Binance founder CZ denied travel to UAE despite offering $4.5 billion in equity
Changpeng “CZ” Zhao, the founder of Binance, has been denied permission to travel to his home in the United Arab Emirates (UAE) by a federal judge, even though he offered to post his $4.5 billion in Binance equity as security for his return to the U.S.
Zhao, who pleaded guilty in November to failing to maintain an effective anti-money laundering program at Binance, is due to be sentenced on Feb. 23. He faces up to 10 years in prison and a $500,000 fine. Binance agreed to pay $4.3 billion in penalties in the case, which was the largest ever imposed on a cryptocurrency company by the U.S. government.
Zhao, who stepped down as CEO of Binance because of his plea, has remained free in the U.S. on a $175 million release bond. He requested to travel to Abu Dhabi on Jan. 4 for a period of one to four weeks, so he could be present for the “hospitalization and surgery” of a person in his life, whose identity and medical condition were not disclosed in court documents.
Zhao’s lawyers argued that he posed no flight risk, as he had cooperated fully with the authorities and had offered to post his Binance equity as security for his return. The equity was worth $4.5 billion, based on Binance’s last round of fundraising two years ago, according to a letter from Zhao’s lawyers to Judge Richard Jones on Dec. 22.
However, Judge Jones denied Zhao’s request, after holding a closed hearing on Dec. 29. The judge said Zhao’s “enormous wealth” made him a significant flight risk, as he had no ties to the U.S. and had favored status in the UAE, where his family resides.
“The defendant has enormous wealth and property abroad, and no ties to the United States. His family resides in the UAE and it appears that he has favored status in the UAE,” Jones wrote in a six-page order on Dec. 7. “Under these circumstances the Court finds that the defendant has not established by clear and convincing evidence that he is not likely to flee if he returns to the UAE.”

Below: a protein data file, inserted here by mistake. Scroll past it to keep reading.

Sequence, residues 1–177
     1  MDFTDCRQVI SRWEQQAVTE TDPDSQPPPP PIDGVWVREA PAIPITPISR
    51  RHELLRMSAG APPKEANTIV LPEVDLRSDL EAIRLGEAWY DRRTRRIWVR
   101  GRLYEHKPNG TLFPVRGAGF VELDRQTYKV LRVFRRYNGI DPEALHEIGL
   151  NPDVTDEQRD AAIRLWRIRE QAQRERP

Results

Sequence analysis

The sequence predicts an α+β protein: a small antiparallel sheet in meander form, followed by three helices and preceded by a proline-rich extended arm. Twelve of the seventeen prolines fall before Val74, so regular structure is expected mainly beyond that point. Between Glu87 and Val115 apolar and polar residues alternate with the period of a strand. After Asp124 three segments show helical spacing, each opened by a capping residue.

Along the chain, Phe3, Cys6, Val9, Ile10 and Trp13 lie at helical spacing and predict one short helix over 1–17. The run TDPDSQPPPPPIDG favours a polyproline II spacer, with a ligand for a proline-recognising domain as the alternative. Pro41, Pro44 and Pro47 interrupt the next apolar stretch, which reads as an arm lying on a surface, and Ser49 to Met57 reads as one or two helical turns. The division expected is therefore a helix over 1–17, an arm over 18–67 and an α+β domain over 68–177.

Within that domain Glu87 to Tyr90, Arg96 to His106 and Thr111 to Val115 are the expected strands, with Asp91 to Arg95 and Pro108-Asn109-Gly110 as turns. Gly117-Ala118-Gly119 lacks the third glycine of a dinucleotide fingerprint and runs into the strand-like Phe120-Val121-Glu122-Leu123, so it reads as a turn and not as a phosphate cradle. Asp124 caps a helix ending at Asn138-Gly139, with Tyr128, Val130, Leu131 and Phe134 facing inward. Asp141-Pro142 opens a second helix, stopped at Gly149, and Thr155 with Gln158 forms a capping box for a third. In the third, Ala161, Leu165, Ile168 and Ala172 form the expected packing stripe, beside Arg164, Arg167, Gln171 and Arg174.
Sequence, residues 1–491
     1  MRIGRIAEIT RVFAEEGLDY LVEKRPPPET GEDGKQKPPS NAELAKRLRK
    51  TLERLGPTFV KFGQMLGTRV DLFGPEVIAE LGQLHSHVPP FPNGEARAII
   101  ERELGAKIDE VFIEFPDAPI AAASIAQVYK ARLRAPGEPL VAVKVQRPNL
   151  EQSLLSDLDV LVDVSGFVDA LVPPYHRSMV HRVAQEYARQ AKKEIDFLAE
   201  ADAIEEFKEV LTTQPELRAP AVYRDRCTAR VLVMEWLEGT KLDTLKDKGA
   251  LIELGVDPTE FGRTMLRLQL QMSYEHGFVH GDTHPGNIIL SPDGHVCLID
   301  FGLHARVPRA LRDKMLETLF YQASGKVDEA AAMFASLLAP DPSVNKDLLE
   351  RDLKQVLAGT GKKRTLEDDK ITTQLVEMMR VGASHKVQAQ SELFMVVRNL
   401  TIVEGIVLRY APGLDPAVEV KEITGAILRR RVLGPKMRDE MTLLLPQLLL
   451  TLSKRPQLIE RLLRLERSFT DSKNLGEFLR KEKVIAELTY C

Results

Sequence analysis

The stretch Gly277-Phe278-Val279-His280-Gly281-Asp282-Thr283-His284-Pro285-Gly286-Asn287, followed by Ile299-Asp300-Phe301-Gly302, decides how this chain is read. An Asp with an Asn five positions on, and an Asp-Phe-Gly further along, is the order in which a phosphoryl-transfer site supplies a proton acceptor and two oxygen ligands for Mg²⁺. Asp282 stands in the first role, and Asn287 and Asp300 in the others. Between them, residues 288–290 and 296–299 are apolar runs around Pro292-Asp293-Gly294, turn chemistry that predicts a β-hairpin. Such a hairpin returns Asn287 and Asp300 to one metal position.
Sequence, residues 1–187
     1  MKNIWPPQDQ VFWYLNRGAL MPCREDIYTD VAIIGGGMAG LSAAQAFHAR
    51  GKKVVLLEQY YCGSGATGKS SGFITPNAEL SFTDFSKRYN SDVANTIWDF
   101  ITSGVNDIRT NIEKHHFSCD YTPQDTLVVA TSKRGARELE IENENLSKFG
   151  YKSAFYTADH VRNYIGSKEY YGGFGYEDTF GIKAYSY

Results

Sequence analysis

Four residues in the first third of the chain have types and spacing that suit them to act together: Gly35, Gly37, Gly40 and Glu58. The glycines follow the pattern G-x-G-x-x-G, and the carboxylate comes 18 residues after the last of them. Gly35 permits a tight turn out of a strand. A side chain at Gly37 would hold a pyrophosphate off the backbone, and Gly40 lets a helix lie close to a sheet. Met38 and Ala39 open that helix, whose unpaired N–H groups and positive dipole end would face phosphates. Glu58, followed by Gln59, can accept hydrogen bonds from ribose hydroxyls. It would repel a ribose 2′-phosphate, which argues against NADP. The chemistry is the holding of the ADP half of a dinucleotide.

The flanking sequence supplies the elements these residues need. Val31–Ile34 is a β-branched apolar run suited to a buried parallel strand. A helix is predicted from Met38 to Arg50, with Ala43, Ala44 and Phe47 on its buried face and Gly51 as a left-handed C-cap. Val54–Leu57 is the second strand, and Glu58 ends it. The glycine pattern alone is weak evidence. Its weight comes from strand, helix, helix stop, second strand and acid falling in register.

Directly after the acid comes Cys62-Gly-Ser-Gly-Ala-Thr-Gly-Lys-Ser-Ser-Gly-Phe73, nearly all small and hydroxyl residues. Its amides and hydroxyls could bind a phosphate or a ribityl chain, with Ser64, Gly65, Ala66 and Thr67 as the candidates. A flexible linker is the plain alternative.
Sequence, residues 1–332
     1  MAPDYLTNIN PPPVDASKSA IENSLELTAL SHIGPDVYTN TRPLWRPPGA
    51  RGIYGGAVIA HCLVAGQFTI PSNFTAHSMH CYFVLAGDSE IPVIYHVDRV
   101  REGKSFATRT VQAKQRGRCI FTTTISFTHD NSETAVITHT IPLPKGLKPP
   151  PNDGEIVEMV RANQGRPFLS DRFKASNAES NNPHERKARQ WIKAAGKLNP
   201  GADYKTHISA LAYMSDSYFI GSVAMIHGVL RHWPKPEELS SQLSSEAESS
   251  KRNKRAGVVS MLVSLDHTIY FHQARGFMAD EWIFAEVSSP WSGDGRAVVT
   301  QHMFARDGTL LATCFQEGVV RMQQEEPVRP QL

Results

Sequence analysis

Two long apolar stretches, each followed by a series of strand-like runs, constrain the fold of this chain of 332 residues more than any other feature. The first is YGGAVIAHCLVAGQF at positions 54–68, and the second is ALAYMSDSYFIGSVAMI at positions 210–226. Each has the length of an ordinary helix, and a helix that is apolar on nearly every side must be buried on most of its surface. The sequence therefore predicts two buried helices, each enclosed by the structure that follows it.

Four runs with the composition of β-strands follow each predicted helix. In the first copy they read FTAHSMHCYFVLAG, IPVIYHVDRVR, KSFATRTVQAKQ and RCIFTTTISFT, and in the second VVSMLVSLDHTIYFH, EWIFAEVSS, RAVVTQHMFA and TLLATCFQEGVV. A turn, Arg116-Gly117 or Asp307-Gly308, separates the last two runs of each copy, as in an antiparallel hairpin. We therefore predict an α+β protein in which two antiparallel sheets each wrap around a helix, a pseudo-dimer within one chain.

Zhao’s lawyers have not commented on the judge’s decision. Zhao has not made any public statements since his plea. Binance has not responded to requests for comment.
Binance, which was founded by Zhao in 2017, is the largest cryptocurrency exchange in the world by trading volume. It offers hundreds of digital coins and tokens for trading, as well as derivatives, futures, and other services. It operates in more than 180 countries and regions, but has no official headquarters or registration.
Binance has faced regulatory scrutiny and legal challenges in several jurisdictions, including the U.S., the U.K., Germany, Japan, Singapore, and Hong Kong. It has been accused of facilitating money laundering, tax evasion, market manipulation, and other illicit activities through its platform.
The U.S. Department of Justice and the Internal Revenue Service launched a criminal investigation into Binance in May 2021, alleging that the company had failed to comply with U.S. anti-money laundering and tax reporting laws. The investigation resulted in Zhao’s guilty plea and Binance’s record-breaking settlement in November.
The U.S. Securities and Exchange Commission (SEC) has also sued Binance, claiming that it illegally offered securities to U.S. investors without registering with the agency. The SEC has sought to freeze Binance’s assets and impose civil penalties on the company and its executives. The case is pending in a New York federal court.
Binance has denied any wrongdoing and has said that it is committed to complying with all applicable laws and regulations. It has also said that it is working to improve its compliance and governance standards, and that it has hired former regulators and law enforcement officials to advise and oversee its operations.
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